Megan Rae once again cut the scene when the fight was at its climax and asked the audience “What would you do?” The audience came up with many insightful ideas, but this time Megan asked them to come up on stage and act out their ideas to see if they would work or not. The improv was quite entertaining, especially when one of the ideas wasn’t successful. Megan explained the key to success in trying to break up a fight like this is to remember the three D’s: Direct, Distract, Delegate. Through trial and error we found that being a distraction was one of the most successful of the three.

The third and final scene also illustrated bystander intervention as a party scene leads to sexual assault.

The third and final scene also illustrated bystander intervention as a party scene leads to sexual assault.

Lastly, the third scene was at a college house party, but the focus of this scene was on sexual assault. The plot consisted of a guy putting a drug in a girls drink as an attempt to convince her to go upstairs and “take a nap” with him. All of the girl’s friends that were at the party witnessed what was happening, yet didn’t step in and stop the guy from leading her upstairs. This is another situation that is commonly seen on college campuses, even here in Winona. This is real!

Again, this scene really emphasized bystander intervention. When the scene ended, Megan asked the audience, “What would you do?” A few people from the audience went on stage once again and demonstrated how they could step in as a bystander and attempt to stop the horrible situation that was about to unfold.

Alcohol is the #1 drug used to facilitate sexual assault. Therefore, the best way to avoid this from happening to you is being aware of what other people are putting into your drinks, or just not putting yourself in the situation to be vulnerable in the first place. Be smart about what you are doing when you go out with your friends. Decide who you want to be before you are in the situation.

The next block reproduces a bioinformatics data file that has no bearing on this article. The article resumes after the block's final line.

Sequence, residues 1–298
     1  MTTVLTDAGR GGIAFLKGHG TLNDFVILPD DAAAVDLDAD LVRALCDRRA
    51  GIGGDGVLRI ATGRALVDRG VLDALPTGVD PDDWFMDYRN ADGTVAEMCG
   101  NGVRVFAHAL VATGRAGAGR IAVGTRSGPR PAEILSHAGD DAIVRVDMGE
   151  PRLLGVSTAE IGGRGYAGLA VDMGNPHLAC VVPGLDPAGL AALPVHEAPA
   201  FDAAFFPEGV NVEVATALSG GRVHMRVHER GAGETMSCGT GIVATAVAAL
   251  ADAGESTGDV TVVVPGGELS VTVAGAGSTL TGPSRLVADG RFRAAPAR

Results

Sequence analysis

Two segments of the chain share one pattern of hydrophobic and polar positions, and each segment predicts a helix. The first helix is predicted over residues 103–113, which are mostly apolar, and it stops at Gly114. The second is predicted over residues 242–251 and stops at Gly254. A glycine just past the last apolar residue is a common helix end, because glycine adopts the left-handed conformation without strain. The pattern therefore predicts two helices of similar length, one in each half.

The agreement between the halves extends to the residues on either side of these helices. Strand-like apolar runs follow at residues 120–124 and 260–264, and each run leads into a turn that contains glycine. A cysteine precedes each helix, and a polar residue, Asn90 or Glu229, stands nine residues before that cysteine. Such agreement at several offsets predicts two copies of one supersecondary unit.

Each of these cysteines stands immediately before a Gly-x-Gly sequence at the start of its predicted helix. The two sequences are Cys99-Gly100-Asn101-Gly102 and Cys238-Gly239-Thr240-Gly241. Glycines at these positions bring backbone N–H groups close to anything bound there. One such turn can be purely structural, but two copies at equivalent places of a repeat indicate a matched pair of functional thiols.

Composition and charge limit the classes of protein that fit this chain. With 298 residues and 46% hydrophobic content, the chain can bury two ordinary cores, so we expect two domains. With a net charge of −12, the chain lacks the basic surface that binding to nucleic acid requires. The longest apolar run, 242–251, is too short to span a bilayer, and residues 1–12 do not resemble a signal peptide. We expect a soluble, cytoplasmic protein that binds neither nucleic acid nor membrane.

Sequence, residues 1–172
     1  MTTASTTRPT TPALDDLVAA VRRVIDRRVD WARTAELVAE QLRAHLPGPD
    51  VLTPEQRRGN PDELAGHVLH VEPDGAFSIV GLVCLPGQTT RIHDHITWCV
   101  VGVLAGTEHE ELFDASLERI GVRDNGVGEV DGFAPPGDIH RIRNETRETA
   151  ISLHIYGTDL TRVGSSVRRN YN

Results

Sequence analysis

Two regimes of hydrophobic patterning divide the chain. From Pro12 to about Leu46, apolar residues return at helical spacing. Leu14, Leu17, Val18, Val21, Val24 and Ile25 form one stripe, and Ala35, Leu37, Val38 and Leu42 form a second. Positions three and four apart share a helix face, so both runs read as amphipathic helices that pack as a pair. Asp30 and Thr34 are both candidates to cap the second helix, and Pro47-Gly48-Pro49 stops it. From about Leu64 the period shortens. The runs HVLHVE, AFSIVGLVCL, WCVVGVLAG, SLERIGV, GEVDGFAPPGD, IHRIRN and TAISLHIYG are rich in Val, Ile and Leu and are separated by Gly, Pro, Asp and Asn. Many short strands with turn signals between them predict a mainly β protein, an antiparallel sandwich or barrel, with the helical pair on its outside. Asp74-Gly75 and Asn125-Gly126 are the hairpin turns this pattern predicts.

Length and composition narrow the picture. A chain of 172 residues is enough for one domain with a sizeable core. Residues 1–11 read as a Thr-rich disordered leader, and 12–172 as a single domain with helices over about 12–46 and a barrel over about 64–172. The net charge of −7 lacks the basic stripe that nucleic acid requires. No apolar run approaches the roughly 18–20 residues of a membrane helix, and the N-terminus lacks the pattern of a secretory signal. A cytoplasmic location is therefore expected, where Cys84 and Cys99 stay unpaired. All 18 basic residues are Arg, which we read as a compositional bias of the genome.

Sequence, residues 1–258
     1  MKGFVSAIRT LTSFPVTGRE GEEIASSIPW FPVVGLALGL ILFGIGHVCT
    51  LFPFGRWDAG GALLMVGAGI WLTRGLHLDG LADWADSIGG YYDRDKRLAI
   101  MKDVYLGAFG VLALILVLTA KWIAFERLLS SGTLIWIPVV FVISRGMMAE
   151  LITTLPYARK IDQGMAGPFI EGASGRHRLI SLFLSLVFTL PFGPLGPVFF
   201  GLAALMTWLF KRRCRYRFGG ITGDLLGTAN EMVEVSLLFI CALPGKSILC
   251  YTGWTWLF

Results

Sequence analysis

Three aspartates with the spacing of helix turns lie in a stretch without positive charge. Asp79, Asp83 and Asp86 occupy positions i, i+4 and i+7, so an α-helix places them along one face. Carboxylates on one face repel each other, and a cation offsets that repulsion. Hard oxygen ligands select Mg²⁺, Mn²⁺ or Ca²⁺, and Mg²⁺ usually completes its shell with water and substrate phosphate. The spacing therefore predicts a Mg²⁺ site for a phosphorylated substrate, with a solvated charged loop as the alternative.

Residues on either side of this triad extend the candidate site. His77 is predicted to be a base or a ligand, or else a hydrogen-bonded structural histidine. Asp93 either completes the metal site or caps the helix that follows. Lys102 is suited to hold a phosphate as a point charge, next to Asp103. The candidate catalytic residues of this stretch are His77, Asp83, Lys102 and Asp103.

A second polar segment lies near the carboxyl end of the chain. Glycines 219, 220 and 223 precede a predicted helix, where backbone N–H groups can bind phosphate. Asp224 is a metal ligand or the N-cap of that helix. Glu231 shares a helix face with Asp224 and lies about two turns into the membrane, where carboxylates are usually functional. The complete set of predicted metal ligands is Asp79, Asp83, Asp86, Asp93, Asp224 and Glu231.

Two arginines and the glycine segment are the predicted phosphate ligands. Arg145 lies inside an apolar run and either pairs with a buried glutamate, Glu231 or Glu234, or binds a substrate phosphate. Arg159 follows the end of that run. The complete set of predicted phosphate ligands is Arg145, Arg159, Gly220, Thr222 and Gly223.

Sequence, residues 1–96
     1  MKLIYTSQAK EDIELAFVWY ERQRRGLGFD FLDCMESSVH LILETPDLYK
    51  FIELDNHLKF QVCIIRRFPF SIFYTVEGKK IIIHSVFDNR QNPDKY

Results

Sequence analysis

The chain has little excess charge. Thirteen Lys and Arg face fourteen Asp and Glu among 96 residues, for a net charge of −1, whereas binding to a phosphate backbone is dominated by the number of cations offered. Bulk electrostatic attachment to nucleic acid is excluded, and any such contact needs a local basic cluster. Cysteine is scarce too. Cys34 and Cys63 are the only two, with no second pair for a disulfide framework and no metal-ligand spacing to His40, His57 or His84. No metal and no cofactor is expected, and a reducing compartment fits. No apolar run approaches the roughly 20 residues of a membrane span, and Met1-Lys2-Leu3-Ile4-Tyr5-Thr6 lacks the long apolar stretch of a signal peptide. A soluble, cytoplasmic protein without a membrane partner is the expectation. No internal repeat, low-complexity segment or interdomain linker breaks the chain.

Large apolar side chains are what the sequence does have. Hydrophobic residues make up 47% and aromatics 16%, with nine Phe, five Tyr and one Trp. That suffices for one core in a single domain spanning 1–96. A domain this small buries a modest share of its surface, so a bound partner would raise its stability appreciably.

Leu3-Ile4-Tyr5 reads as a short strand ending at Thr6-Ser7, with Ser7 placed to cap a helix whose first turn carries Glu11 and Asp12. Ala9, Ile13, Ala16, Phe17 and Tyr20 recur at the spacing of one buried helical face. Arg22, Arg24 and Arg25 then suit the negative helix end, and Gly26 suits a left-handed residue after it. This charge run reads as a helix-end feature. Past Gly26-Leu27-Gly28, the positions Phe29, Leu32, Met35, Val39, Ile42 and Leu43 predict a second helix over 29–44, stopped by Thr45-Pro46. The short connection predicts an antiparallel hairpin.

Overall, this play was one that really made me think. It made me think about what I would do if I were to encounter any or all three of these scenes, and if my ideas would actually be successful. The truth that I took away from this play is that these situations are REAL. It is one thing to know that this is real, one thing to agree that what was going on in these scenes was and is wrong, and one thing to TRY! There is no perfect solution to any of these situations, but the worst thing you can do as a bystander is to not try.

There are many ways that you can take action and help people who have become victims of sexual and relationship violence. To find out how to get involved here on campus, check out WSU’s RE Initiative, a program that “supports survivors of gender-based violence and works to create a culture of respect and responsibility.”

                                                                                                –Erin Kloepping

Through With the Flu!

health-369782_1280I will be the first to say that I’m not always the most health conscious person. I know in the back of my mind that I should pay more attention to my health. I know I shouldn’t eat McDonald’s often and I should get 30 minutes of vigorous exercise everyday, but more often than not I put off my health concerns until I can’t ignore them anymore. Like realizing I’ve had chicken nuggets for dinner every night this week, or the last time I had something green was two weeks ago in a ham sandwich. So it’s not surprising I’m not always the most diligent when it comes to being vaccinated every season for the flu. My most common arguments are it takes too much time, and I didn’t understand why I should do it. But last week I made the conscious decision to schedule my flu shot, possibly because spending more time in The Well and listening to a next-door nutrition class has made me a little more conscious of my heath needs.